The Ultimate Guide to Understanding What Gout Is (and Isn’t)

What Is Gout?

What Is Gout
Gout is a condition that plagues millions of people. It’s caused by a buildup of uric acid in the body either because there is too much or the body is excreting too little.

Referred to as the “disease of kings,” gout was historically associated with the royalty back then since only the rich could afford to drink alcohol, eat meat, and feast on other indulgences while the poor were stuck eating carbs and whatever produce they could harvest from their land.

Today, nearly 8 million Americans are affected by this type of arthritis, with most of it being older men.

What Causes Gout?

A condition where there are high levels of uric acid in the blood is called hyperuricemia. And although not all who have it develop gout, it is the underlying cause of people who have it.

Gout is a result of the body not being able to handle uric acids properly. Uric acid is a result of the breakdown of purines from the foods that we eat.

For people without gout, uric acid dissolves and goes into the urine through the kidneys, but too much uric acid causes buildup that accumulates in the joints and surrounding tissue. This sharp urate crystals that look like needles are what cause immense pain to the gout sufferer.

What Are the Symptoms of Gout?

Gout manifests itself through flares which can happen anytime without warning. The pain caused by a gout attack can range from mildly annoying to debilitatingly painful.


The affected area will feel hot and sensitive – so sensitive that even a light touch can feel so excruciating. It will also appear swollen, red or purplish and shiny. As the inflammation slowly goes away, the skin on the affected joint might feel itchy and flaky.

Attacks can last anywhere between a few hours to three weeks, and usually occur in the middle of the night when you least expect it. Experts suspect this is because of the lower body temperature at night accompanied by overnight dehydration and falling levels of the hormone cortisol.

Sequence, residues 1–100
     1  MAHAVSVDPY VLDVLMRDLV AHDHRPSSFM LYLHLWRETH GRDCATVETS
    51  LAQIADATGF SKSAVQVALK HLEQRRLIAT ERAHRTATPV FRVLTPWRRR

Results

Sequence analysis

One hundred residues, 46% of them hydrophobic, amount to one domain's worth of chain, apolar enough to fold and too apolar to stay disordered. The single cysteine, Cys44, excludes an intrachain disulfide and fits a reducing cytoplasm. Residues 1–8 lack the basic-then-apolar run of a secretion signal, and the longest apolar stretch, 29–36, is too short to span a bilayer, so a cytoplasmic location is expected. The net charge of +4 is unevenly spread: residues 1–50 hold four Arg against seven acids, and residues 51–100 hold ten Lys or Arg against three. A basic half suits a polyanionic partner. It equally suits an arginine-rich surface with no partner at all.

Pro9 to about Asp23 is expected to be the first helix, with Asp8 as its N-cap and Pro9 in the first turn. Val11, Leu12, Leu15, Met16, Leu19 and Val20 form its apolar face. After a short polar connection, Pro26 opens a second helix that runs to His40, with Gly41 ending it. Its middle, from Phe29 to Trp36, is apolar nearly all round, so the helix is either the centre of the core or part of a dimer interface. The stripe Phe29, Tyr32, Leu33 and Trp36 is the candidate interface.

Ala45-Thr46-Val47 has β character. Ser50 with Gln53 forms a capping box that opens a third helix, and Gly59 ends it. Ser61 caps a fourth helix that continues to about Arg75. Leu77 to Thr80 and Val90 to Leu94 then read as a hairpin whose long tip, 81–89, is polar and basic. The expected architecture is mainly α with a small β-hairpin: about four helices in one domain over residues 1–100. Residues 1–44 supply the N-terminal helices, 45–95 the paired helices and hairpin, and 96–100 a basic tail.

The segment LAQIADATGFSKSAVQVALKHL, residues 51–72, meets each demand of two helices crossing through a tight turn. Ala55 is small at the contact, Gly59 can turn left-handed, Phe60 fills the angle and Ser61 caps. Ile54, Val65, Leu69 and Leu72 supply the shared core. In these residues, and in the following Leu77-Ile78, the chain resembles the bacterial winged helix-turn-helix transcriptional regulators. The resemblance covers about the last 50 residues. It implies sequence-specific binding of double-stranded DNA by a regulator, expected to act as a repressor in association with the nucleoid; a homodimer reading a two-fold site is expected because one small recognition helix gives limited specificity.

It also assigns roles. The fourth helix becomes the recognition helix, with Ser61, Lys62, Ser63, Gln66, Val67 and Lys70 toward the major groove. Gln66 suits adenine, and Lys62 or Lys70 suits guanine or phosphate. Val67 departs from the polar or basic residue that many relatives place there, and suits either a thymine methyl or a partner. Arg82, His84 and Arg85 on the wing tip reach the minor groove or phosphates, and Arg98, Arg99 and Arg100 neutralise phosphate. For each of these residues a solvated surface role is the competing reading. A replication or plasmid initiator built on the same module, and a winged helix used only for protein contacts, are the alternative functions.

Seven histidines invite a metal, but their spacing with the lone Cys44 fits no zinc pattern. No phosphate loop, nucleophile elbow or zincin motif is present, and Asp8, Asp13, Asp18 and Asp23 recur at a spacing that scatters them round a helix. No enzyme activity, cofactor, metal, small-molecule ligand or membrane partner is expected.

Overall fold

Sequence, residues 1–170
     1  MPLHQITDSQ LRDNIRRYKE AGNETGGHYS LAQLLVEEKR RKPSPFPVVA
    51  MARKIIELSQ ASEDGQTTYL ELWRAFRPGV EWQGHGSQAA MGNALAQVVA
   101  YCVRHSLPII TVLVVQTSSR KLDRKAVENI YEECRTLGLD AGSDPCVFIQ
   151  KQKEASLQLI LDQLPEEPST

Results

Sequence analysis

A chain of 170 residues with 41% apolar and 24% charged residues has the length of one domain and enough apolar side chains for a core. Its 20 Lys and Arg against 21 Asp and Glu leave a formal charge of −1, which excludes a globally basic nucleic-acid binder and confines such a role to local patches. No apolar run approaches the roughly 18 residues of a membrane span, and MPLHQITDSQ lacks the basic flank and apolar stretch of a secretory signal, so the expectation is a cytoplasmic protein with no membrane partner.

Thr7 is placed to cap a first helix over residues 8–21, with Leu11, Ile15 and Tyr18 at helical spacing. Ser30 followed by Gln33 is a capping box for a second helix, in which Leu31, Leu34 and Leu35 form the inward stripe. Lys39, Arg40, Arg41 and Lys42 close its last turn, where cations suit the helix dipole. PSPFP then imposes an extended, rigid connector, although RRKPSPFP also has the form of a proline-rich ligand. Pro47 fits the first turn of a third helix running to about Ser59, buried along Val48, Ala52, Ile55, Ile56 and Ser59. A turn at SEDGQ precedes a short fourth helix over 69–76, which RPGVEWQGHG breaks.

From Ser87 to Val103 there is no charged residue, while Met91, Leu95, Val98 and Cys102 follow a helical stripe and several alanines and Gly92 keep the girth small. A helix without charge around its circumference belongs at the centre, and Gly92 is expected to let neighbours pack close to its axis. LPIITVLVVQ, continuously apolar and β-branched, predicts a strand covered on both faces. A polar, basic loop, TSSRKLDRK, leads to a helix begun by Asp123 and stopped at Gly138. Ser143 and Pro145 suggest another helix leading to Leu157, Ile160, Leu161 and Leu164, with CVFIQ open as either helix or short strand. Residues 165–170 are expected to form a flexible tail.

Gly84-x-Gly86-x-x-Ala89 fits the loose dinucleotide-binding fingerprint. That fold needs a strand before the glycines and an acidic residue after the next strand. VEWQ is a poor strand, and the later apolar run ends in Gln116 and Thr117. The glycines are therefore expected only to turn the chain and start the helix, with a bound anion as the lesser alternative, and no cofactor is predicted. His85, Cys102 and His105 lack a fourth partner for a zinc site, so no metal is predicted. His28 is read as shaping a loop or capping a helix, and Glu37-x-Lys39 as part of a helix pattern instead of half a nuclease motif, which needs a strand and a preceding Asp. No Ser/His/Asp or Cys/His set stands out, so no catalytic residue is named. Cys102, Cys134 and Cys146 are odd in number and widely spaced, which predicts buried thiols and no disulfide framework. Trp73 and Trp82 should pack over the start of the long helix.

It’s hard to fall back asleep during a gout attack due to the pain. This is why doctors recommend having medicine ready in your cabinet. The frequency of gout attacks and the level of pain all depends on how religious you are with taking your medication and following a strict gout-friendly diet.

When you experience a gout attack, it’s best to rest the affected joint to prevent the pain from getting worse. Also, make sure to have medication ready as this is the best relief to gout pain. Otherwise, you’d have to call your doctor to get a prescription.

For those who have chronic gout, the symptoms may not be as painful, but they are frequent. 62 percent of gout sufferers say they experience at least another one attack within a year. Careful not confuse this with arthritis by checking in with your doctor.

Some people go through life not knowing their uric acids are high until they get their first gout attack. If left untreated, gout symptoms can worsen, causing joint damage, kidney damage, and tophi.

Tophi are hard swellings that form in the joints and can grow so large that it affects your mobility or even break through the skin. In most cases, tophi have to be removed surgically if it already impairs movement.

Diagnosis for gout requires a sample fluid from the affected joint to check if uric acid crystals are present. Your doctor may take an x-ray of your joint and check how often you experience the pain, the intensity, and how swollen the affected area is.

Statistics About Gout

Here are important statistics to help you get more insight on gout:

  • 75 percent of gout sufferers are men.
  • Over 8.3 million Americans suffer from gout.
  • The average overall cost of gout is $2,800 per person.
  • Gout is partly genetic, contributing to about 60 percent variability in uric acid level.
  • About 10 percent of people with hyperuricemia, develop gout at some point in their lifetime.
  • A combination of abdominal obesity, hypertension, insulin resistance, and abnormal lipid levels, occurs in nearly 75 percent of gout cases.
  • A body mass index greater than or equal to 35 increases the male risk of gout threefold.

Next page: Where can you get gout? How do you get out? Can you prevent gout? And treatment for gout options. 

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